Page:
Microsoft to keep control of two Zeus botnets for two years

In March, Microsoft launched what it called "Operation b71" where it teamed up with US law enforcement officials to execute raids on two botnet command-and-control server locations. The botnets were the center of an operation that was collecting information from thousands of infected PCs, using variants of the Zeus malware program.

The two main servers, one in Illinois and the other in Pennsylvania, have been under Microsoft's control since the raid in March, along with 800 domains. Now, eWeek.com reports that Microsoft will be able to keep control of the botnets for the next two years.

Microsoft was granted its request for more time to control those servers by a federal court earlier this week. Richard Boscovich, the senior attorney for Microsoft's Digital Crimes Unit, stated, "This additional time will allow Microsoft to continue to work with Internet service providers and Computer Emergency Response Teams (CERTs) to clean those computers that are still infected with the malware."

Zeus was created to infect PCs and then use keyloggers to obtain usernames and passwords from those computers. The information is then sent "back home" to the two aforementioned servers. Microsoft's raid and subsequent control of these servers seems to have cut down the number of PCs infected with the malware by about half.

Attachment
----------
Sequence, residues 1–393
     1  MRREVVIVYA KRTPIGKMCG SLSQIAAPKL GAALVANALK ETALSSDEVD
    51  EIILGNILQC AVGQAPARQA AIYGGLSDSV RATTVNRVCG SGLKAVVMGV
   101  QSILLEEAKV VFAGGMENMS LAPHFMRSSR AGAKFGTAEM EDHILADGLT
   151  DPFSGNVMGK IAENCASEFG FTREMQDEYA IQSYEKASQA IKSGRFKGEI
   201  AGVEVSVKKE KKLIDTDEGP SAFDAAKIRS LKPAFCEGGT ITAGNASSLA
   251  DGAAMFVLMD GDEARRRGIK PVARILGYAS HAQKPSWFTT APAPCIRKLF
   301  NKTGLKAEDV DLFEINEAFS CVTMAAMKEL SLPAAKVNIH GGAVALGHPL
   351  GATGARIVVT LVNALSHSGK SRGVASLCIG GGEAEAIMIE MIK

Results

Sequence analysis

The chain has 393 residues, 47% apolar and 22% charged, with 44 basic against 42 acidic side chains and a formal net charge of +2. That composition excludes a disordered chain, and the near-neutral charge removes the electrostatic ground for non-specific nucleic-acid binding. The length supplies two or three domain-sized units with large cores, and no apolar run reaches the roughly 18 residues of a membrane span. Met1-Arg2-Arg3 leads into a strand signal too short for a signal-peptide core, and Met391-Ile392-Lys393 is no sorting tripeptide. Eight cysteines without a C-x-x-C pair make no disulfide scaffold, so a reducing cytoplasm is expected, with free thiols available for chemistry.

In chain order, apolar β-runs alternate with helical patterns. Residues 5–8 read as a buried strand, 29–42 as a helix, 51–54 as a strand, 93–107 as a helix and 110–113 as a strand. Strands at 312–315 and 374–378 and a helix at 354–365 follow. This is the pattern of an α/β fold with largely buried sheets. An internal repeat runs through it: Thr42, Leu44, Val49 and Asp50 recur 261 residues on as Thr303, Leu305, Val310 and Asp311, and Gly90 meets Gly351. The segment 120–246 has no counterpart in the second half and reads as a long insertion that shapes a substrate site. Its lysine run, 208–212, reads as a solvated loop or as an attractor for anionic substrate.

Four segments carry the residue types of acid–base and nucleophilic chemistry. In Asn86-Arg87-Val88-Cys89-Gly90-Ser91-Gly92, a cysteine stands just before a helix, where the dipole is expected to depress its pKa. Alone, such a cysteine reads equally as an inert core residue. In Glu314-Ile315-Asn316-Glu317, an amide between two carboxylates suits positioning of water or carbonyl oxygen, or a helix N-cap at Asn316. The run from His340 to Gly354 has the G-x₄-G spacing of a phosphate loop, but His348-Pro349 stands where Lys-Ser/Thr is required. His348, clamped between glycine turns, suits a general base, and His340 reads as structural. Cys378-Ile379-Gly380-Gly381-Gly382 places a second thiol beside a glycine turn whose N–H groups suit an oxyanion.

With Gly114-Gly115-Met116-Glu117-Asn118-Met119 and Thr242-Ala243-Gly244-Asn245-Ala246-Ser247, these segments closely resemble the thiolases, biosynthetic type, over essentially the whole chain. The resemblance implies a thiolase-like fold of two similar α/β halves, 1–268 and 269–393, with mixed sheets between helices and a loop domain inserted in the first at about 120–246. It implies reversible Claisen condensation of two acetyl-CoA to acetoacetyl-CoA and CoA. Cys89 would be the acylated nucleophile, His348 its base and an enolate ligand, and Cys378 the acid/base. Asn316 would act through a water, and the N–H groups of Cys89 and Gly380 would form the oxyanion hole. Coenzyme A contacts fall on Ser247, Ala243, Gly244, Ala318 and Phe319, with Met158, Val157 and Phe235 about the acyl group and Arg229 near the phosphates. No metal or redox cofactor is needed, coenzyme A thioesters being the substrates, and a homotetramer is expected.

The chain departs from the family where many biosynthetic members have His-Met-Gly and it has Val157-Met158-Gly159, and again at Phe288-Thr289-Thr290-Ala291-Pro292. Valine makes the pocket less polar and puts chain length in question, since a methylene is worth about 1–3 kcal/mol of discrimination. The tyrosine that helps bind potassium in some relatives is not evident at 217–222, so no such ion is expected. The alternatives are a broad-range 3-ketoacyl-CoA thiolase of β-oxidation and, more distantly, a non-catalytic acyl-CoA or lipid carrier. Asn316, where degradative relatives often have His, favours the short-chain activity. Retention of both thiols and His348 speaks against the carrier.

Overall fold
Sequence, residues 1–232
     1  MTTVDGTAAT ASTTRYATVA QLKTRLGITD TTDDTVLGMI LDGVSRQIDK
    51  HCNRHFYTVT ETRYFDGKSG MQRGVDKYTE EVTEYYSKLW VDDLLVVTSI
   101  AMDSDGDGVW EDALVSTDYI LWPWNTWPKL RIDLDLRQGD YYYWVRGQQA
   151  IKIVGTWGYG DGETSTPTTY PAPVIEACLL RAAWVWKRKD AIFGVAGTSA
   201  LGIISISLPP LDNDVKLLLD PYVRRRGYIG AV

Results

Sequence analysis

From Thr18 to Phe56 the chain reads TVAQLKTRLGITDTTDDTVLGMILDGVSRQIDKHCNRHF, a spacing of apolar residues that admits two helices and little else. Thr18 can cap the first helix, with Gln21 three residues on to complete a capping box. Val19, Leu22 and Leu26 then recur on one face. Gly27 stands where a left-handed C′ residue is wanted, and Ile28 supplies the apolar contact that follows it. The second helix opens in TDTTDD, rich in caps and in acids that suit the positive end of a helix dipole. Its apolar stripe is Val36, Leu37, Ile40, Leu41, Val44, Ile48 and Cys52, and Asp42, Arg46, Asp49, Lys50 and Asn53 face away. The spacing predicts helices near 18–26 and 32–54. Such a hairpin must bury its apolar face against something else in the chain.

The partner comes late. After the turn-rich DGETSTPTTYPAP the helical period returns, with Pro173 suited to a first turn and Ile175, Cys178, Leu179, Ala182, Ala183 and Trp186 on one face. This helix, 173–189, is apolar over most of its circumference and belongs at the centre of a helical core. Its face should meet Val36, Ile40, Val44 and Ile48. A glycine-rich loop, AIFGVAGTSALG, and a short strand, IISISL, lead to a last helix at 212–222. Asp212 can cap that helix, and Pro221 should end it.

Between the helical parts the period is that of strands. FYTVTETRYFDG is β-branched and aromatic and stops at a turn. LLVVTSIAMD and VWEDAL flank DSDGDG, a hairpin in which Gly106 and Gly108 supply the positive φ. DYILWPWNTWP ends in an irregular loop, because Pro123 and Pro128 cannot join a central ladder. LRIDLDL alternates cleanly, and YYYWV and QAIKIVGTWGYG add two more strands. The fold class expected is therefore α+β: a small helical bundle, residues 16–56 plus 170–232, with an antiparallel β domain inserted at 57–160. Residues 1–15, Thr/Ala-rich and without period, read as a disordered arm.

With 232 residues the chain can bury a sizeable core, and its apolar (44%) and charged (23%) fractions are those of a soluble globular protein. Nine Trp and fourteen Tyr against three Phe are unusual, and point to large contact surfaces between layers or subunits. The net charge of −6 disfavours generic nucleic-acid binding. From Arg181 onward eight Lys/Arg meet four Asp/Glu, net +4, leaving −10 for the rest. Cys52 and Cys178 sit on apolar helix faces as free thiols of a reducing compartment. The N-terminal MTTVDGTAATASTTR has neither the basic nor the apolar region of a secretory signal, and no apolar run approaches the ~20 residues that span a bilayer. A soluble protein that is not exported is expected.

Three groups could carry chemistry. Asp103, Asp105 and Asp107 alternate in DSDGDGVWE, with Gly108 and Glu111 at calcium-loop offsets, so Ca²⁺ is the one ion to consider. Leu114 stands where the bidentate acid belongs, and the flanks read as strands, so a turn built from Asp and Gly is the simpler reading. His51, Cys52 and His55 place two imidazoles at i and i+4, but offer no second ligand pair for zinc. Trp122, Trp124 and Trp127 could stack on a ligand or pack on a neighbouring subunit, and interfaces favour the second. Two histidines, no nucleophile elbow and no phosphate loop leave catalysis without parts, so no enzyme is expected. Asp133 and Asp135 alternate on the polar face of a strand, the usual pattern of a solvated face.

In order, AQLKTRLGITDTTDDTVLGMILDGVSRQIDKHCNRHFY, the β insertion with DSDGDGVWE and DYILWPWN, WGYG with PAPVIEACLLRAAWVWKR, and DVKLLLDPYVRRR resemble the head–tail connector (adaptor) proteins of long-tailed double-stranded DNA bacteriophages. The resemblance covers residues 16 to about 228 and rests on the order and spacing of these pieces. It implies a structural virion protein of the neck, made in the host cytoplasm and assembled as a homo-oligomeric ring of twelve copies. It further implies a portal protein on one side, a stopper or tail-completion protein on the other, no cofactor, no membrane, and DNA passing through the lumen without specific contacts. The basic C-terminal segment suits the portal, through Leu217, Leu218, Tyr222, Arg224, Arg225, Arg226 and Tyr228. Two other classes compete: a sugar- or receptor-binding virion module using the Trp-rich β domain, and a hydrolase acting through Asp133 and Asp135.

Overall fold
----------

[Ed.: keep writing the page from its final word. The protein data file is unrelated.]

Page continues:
Microsoft has been going after quite a few botnet operations in the past year and a half, including shutting down the Rustock botnet in 2011 and the Nitol botnet in September of 2012.

Source: eWeek
Zeus image via Shutterstock

Report a problem with article
Previous Story

PC makers defend their Windows 8 sales numbers

Next Story

Start your engines: Official NASCAR Windows 8 app launched

14 Comments

Will they actually be allowed to remotely clean those PCs? I presume that is the intention. How have they already achieved a drop by half of infected machines? I am curious but can find little information about this.

paul0544 said,
Will they actually be allowed to remotely clean those PCs? I presume that is the intention. How have they already achieved a drop by half of infected machines? I am curious but can find little information about this.

Nope, it's illegal to do that. xD

paul0544 said,
Will they actually be allowed to remotely clean those PCs?

why not? MSE and any other AV product automatically quarantines/deletes virus's/trojans and is constantly updated with signatures of any new ones.

Unless they are remotely cleaning/informing users of infection.... why would they want to keep these servers running?! ...why not just shut them down?!

GreatMarkO said,
Unless they are remotely cleaning/informing users of infection.... why would they want to keep these servers running?! ...why not just shut them down?!

It didn't say they were going to keep them running. Just keep them. They could be studying the botnets to try to come up with solutions to help prevent it from happening again or something of the sort.

GreatMarkO said,
Unless they are remotely cleaning/informing users of infection.... why would they want to keep these servers running?! ...why not just shut them down?!